2. RICHARD2 WITHINGTON (Henry1), of Dorchester, baptized at Leigh, co. Lancaster, England, 3 May 1618, died at Dorchester 22 Dec. 1701, “Aged about 84.” He married, about 1648, ELIZABETH2 ELIOT, baptized at Nazeing, co. Essex, England, 8 Apr. 1627, died at Dorchester 18 Apr. 1714, daughter of Philip1 and Elizabeth (Sybthorpe) and niece of Rev. John Eliot, the Apostle to the Indians.

Richard Withington came with his father and stepmother to New England, was admitted a freeman 13 May 1640, was elected a member of the Ancient and Honorable Artillery Company in 1646, was deacon of the church in Dorchester in 1668, and was elected several times as a selectman. He was always active and prominent in public affairs.

Children, born at Dorchester:

3. i. JOHN,3 b. 1 July 1649.

4. ii. EBENEZER, b. 7 Sept. 1651.

5. iii. HENRY, b. 2 Oct. 1653.

iv. ANN,* b. 24 Aug. 1656; d. at Dorchester 21 Sept. 1723; m. at Dorchester, 13 Nov. 1679, as his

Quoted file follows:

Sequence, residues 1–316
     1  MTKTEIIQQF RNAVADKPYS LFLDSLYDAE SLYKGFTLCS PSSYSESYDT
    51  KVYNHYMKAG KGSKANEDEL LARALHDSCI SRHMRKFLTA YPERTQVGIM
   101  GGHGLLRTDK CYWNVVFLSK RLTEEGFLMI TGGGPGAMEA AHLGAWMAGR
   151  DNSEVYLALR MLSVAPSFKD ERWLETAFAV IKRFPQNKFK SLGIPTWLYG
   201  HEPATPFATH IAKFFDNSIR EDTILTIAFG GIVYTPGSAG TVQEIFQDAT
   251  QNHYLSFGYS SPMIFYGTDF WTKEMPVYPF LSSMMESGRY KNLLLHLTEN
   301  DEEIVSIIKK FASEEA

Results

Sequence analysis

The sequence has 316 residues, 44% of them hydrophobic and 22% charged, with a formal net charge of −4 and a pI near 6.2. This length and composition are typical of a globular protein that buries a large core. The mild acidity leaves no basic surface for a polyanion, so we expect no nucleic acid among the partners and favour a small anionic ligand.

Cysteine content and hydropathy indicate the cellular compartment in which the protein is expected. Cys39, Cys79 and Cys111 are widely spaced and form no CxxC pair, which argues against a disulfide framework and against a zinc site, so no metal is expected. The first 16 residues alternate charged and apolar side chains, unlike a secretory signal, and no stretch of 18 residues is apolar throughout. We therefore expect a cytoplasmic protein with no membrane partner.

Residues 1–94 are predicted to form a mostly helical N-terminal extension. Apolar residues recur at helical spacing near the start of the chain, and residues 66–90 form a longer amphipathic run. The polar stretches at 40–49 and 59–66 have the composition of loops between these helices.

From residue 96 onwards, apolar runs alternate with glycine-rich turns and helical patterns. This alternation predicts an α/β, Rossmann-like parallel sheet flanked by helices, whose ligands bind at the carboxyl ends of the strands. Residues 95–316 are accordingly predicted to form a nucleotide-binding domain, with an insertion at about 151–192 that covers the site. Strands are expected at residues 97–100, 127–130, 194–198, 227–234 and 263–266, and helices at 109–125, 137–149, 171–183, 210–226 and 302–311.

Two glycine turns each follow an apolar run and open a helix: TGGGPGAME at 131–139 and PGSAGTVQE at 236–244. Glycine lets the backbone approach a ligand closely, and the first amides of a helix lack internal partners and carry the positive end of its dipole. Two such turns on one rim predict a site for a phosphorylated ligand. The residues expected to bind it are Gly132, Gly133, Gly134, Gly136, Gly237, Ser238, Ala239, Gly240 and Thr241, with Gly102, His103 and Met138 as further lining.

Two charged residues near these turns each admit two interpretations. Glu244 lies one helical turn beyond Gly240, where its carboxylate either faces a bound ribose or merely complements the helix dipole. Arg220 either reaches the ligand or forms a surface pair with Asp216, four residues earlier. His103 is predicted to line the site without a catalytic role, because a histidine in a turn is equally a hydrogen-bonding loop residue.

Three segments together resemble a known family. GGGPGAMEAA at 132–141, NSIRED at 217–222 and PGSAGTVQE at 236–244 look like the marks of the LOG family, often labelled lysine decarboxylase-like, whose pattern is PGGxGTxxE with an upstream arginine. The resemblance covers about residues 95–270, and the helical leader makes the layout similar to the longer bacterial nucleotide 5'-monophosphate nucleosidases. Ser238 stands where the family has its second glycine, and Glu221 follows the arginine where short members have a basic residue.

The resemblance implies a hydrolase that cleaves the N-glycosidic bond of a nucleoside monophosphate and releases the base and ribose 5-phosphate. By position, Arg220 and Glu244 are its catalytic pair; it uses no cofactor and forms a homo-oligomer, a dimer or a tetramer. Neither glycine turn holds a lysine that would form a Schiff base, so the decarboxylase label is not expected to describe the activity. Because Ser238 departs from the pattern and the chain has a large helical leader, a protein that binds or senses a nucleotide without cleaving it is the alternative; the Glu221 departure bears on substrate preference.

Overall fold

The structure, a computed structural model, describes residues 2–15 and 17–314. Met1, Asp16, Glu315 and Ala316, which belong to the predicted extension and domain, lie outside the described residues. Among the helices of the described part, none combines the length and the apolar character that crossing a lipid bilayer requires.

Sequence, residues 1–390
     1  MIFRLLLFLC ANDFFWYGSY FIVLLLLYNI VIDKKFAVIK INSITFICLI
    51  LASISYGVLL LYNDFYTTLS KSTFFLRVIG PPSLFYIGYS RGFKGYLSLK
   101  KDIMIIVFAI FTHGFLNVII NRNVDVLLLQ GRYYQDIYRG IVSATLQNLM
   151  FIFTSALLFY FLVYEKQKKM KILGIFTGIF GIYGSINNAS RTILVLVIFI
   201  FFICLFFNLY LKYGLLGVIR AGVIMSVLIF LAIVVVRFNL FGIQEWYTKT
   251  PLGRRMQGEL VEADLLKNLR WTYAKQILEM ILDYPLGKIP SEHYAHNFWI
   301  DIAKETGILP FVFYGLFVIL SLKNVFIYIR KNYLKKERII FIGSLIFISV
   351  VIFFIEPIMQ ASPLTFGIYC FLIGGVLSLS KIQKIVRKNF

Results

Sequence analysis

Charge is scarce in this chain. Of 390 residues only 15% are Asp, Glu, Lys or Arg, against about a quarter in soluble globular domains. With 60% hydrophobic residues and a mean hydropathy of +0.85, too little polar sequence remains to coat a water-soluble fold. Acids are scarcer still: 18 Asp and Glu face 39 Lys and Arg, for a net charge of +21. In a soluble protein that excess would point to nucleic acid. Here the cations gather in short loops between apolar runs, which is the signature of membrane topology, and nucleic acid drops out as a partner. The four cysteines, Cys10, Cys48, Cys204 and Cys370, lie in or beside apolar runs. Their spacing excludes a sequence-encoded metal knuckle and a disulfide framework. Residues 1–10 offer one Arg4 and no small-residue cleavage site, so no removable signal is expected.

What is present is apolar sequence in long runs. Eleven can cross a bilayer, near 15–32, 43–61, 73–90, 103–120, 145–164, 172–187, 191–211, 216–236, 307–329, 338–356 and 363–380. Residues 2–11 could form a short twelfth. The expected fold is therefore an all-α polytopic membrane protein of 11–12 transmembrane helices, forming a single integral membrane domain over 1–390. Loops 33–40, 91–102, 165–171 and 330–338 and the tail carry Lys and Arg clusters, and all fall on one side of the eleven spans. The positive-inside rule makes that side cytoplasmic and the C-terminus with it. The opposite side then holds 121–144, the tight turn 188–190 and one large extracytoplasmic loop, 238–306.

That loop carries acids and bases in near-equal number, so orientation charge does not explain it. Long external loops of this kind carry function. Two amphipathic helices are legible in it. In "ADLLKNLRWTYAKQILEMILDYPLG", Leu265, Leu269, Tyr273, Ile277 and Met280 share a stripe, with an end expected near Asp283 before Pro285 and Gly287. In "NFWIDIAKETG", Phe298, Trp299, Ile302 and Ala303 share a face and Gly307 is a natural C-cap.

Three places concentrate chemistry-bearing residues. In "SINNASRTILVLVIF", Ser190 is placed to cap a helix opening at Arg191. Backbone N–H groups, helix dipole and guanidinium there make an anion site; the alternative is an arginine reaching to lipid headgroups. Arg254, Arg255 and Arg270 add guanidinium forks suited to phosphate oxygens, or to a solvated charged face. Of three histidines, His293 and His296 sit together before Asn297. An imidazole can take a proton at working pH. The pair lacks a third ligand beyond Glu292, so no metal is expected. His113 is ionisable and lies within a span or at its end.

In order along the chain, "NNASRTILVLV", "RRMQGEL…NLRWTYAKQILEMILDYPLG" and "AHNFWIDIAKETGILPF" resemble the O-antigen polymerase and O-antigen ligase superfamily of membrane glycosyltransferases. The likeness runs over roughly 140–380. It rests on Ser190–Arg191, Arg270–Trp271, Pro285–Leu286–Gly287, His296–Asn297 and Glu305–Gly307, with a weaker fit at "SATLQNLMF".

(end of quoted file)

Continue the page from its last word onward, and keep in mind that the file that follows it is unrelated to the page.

second wife, JAMES2 BIRD, b. in

*In the records of the First Church of Dorchester her name is entered incorrectly as Elizabeth.

[page 145]

Feb. 1644, d. at Dorchester 1 Sept. 1725, s. of Thomas1 and Anne…

6. v. PHILIP, b. 26 Mar. 1659.

vi. CONSTANT (or CONSTANCE), b. 16 Nov. 1661; d. s.p., probably at Falmouth (Portland), Me., about 1720; m. RICHARD BROADRIDGE Falmouth, Me. …

vii. ELIZABETH, b. 16 Apr. 1666; d. at Dorchester 12 Aug. 1700; m. at Dorchester, in 1691, JONATHAN2 HALL, b. at Dorchester 8 Apr. 1659, d. there 29 Dec. 1718, s. of Lieut. Richard1 and Elizabeth (Collier)…

7. viii. JOSEPH, b. 15 June 1668.

3. JOHN3 WITHINGTON (Richard,2 Henry1) of Dorchester, born at Dorchester 1 July 1649, died in 1690, being drowned, with forty-six others of the Dorchester military company, of which he was captain, in the expedition of Sir William Phips against Quebec. He married, about 1672, ELIZABETH3 PRESTON, born about 1653, died at Dorchester 19 Nov. 1722, daughter of Daniel2 and Mary. She married secondly, 13 Feb. 1695/6, as his second wife, James2 WHITE, who died 11 Nov. 1713, son of Edward.1 James White’s first wife was Sarah2 Baker (1,i,3), daughter of Richard1 and Faith (Withington).

John Withington was made a freeman 7 May 1673, and was a selectman of Dorchester for three years.

Children, born at Dorchester:

i. MARY4, b. 2 Dec. 1673; d. 15 Sept. 1676.